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There Is a Huge Backlog of Ships Waiting to Pass Through the Panama Canal

There Is a Huge Backlog of Ships Waiting to Pass Through the Panama Canal

Mike Schuler
Total Views: 1029
October 22, 2015

Thursday afternoon. Courtesy


If your ship is planning to pass through the Panama Canal anytime soon, be prepared to wait. 

Looking at AIS data of the anchorages at both the Pacific and Atlantic ends of the canal, you will see a huge backlog of ships, mostly tankers and cargo ships it seems.

Screen Shot 2015-10-22 at 12.54.01 PM

We reached out to Marine Traffic Control at the Panama Canal, who told us there were a total of 129 waiting vessels between the two anchorages as of Thursday afternoon, with waiting times right now of five days for unbooked vessels – that is vessels that did not pay the premium to reserve a space.

On Thursday, non-booked northbound vessels scheduled to pass through the canal have been waiting at anchor since Oct. 16 and 17. For non-booked southbound vessels, the wait time is even worse. Those vessels arrived on Oct. 14 and 15, seven and eight days ago.

Screen Shot 2015-10-22 at 7.07.03 PM

Marine Traffic Control said the backlog is primarily due to weather conditions, including several days of fog at the canal. But we spoke with a canal insider, who said that in his decades of experience he has only seen it like this when there is some other issue going on – not one that’s weather related.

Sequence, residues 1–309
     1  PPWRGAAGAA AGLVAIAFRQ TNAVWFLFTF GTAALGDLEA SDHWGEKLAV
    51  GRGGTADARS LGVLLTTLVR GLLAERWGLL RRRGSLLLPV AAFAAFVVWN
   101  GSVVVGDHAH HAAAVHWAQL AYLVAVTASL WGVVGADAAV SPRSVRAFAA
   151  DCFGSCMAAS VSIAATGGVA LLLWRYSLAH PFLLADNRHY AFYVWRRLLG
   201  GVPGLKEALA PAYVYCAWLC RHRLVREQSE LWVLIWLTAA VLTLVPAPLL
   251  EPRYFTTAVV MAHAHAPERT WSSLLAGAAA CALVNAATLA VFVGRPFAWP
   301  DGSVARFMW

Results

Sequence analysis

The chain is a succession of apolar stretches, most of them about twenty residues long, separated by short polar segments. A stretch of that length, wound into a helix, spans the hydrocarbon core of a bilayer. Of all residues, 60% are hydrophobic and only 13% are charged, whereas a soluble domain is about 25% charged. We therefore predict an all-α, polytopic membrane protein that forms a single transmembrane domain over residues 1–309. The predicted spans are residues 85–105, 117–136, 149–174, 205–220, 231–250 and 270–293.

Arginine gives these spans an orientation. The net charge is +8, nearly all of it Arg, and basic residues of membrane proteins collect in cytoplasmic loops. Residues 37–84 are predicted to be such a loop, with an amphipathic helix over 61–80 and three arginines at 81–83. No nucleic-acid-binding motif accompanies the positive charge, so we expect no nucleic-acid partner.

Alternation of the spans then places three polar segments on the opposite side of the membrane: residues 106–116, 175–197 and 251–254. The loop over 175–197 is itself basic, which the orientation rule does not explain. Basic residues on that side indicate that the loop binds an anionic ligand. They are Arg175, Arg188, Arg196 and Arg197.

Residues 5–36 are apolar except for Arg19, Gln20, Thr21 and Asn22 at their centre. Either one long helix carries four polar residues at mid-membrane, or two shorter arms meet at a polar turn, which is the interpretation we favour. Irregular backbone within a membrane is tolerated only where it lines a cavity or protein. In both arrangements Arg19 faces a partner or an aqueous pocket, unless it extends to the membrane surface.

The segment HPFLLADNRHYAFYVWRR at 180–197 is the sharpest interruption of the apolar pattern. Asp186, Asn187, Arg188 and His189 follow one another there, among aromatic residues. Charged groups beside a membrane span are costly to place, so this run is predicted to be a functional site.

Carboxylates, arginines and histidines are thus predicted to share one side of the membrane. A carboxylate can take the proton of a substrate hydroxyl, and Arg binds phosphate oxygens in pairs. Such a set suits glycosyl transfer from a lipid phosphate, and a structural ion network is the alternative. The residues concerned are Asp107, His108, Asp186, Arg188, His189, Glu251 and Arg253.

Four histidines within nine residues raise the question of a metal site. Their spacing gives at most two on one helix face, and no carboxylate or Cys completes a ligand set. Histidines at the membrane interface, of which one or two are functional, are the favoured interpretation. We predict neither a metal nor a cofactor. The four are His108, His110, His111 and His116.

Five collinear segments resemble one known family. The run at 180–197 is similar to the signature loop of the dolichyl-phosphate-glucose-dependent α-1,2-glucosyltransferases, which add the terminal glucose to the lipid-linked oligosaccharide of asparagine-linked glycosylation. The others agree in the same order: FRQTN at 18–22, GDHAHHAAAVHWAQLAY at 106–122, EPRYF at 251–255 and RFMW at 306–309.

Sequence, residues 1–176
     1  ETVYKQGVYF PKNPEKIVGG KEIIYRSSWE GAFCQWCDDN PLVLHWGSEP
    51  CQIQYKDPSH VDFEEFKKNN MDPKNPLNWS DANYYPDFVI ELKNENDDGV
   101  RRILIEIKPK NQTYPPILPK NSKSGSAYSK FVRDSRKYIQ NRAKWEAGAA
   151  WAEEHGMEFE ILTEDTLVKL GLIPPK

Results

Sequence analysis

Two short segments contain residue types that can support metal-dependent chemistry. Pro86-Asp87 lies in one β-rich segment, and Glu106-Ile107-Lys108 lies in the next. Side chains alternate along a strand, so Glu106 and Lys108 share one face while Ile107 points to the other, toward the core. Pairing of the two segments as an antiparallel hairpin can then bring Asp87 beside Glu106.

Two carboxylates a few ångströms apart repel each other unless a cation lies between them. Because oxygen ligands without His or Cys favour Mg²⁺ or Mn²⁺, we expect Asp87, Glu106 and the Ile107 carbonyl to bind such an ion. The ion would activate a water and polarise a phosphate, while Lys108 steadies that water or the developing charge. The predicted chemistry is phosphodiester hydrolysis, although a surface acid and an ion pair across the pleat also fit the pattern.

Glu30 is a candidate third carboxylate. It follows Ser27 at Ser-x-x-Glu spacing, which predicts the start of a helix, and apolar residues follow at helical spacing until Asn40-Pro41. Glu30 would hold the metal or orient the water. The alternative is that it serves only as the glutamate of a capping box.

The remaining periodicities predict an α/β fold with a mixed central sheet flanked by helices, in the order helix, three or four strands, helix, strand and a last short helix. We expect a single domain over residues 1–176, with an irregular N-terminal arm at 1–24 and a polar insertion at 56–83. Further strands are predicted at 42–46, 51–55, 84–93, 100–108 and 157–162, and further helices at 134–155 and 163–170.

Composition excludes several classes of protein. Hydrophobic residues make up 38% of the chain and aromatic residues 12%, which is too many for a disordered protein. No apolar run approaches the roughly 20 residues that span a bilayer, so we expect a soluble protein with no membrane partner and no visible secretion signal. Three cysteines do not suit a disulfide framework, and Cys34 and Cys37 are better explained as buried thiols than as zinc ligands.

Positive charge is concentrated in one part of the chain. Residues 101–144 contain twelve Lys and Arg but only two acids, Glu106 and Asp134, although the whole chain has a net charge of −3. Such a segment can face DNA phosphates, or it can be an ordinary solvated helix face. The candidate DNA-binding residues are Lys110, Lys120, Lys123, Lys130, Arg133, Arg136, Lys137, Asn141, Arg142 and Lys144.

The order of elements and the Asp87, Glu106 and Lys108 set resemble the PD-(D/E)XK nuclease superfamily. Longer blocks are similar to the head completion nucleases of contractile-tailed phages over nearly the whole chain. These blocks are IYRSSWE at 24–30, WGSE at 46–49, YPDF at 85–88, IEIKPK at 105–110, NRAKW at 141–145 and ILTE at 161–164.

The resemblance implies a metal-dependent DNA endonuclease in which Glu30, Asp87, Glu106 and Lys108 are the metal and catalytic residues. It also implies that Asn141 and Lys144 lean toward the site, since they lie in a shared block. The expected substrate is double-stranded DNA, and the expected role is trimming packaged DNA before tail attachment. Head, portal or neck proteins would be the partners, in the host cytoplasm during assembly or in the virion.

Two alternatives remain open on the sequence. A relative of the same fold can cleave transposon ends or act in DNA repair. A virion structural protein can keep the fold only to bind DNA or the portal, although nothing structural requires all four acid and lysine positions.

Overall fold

For oceangoing vessels, the goal is for 24-30 hours of what they call Canal Water Time, which includes arrival, wait time and transit, but the daily average rose to more than 37 hours in September, with a high of more than 80 hours. Transit typically should average 10 to 12 hours, so you can see that is lot of hours and sometimes days to wait.

We’re also told that booking slots, where you actually reserve a specific time and day for a fee, aren’t even available for several days out right now, so even vessels willing to pay extra need to wait several days. In fact, we’re told that there are hardly any open slots left and what is available is being auctioned off to the highest bidder for astronomical amounts – hundreds of thousands of dollars, we’re told.

Update: A statement provided to us Friday from the Panama Canal Authority said that a high level of arrivals during the last in September coincided with schedule dry-chamber maintenance. The ACP says because of the backlog, it has decided to postpone maintenance work and has assigned additional crew members to increase capacity. It has also started a temporary reduction in the number of booking slots for certain types of vessels.

AIS screenshots provided by



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